Final submission on the Victorian Aboriginal Community consultations on the proposed State Government redress scheme for institutional child abuse.
On 5 August 2015 a discussion paper was released on by the State Government outlining a proposed scheme to compensate for physical, sexual and psychological abuse suffered while in an institution as a child.
The proposed scheme would be available to both Aboriginal and non-Aboriginal applicants.
Included in the discussion paper was a recommendation that Aboriginal people in Victoria should also be eligible for redress for cultural loss/ cultural abuse that occurred as well (the Stolen Generations).
This submission reflects the views of staff and community members who attended forums conducted in communities and prisons on this issue, plus some interviews conducted by Moondani Balluk Indigenous Academic Unit students.
The State Government Department of Justice will be considering the large number of submissions received on this matter from both Aboriginal and non-Aboriginal agencies.
They will then be making recommendations to the appropriate Ministers and making some decisions.
Please check back for updates or contact the Victorian Aboriginal Legal Service.
VALS was a part of a forum for peak and Statewide Aboriginal Community Controlled Organisations to discuss Constitutional Recognition of Australia’s Aboriginal and Torres Strait Islander peoples.
Held at the Aborigines Advancement League on 1 September 2011, the forum was hosted by the Victorian Aboriginal Child Care Agency (VACCA), the Victorian Aboriginal Education Association Incorporation (VAEAI), the Victorian Aboriginal Legal Service Co-operative Ltd (VALS) and the Victorian Aboriginal Community Controlled Health Organisation (VACCHO). Great discussion was had and some great insight was gathered. The report from the day will be forwarded onto the You Me Unity panel and uploaded to their website.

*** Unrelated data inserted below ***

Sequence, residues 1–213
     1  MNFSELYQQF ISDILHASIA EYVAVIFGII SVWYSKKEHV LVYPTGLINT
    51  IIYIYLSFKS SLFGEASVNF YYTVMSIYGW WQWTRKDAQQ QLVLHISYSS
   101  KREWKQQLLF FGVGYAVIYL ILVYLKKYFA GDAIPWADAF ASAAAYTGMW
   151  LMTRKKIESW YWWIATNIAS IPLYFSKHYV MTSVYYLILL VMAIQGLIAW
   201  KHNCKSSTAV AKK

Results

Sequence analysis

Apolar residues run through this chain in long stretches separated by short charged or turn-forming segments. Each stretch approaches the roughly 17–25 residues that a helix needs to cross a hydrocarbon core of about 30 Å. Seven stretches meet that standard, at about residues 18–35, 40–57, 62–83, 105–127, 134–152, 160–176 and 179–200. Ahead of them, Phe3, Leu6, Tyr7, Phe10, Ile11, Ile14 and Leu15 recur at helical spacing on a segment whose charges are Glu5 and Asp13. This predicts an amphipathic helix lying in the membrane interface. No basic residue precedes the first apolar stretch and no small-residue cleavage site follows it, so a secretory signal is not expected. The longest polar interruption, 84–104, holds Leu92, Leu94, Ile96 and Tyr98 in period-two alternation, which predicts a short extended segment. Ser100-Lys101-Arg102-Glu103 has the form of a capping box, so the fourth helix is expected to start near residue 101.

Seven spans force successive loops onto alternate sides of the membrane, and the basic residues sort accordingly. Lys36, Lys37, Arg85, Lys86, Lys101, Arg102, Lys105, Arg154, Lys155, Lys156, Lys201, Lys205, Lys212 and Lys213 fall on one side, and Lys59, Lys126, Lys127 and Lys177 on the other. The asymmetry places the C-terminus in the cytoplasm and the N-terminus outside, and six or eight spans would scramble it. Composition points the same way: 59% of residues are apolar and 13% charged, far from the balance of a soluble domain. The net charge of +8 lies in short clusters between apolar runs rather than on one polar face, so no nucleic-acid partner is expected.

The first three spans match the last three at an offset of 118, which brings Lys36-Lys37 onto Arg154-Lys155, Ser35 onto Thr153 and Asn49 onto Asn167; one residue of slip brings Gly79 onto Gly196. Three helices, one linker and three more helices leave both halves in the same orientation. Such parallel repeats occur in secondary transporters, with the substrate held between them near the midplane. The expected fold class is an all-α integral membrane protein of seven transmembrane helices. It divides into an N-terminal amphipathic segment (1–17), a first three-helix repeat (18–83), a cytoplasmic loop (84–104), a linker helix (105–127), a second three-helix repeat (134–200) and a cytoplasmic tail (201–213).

A copy of the report can be downloaded below.
VALS has been involved with the Human Rights Law Resource Centre’s (HRLC) Police Use of Force Project. In contributing to their research and co-hosting a community workshop, VALS supports the HRLC in their campaign to bring human rights-compliant regulation, training and monitoring of Victoria Police to reduce the incidence of force, protect the community and increase public confidence in policing.
Please find below the HRLC’s Police Use of Force Media Release, Background Research Paper and Final Report.
In 2010, the Public Interest Law Clearing House (PILCH) and VALS piloted a new project, the Aboriginal Credit and Debt Clinic (ACDC).
The aims of the ACDC were to:
• provide free legal assistance in consumer and credit law issues; and
• collect data on the nature and extent of the unmet legal need of Aboriginal people living in rural and regional areas of Victoria.
Between May and August 2010, one-day free legal clinics were held at community hubs in Shepparton, Ballarat, Morwell and Mildura. These clinics were staffed by pro bono lawyers from PILCH member firms and were supported by local services, together with PILCH and VALS staff.
The project report (below) evaluates the ACDC. The numerous case studies provided in the report provide a stark picture of financial hardship and serve to highlight the civil law needs of some Aboriginal people in rural and regional areas. Many clients presented with multiple debts which contributed to high levels of anxiety about housing, employment and the need to support children and other family. A number of the people assisted by the ACDC were either homeless or insecurely housed.
The report demonstrates the significant need for funded civil law legal services for Aboriginal people in rural and regional Victoria.
This submission to the United Nations Committee on the Elimination of Racial Discrimination (CERD) was prepared by the National Association of Community Legal Centres (NACLC) and the Human Rights Law Resource Centre (HRLRC) with the guidance of an NGO Steering Group and with contributions from over 30 NGOs including VALS. Endorsed, in whole or in part, by more than 100 NGOs across Australia, this submission talks about Australian laws, policies and practices continue to inhibit Aboriginal peoples’ equal enjoyment of their rights under CERD.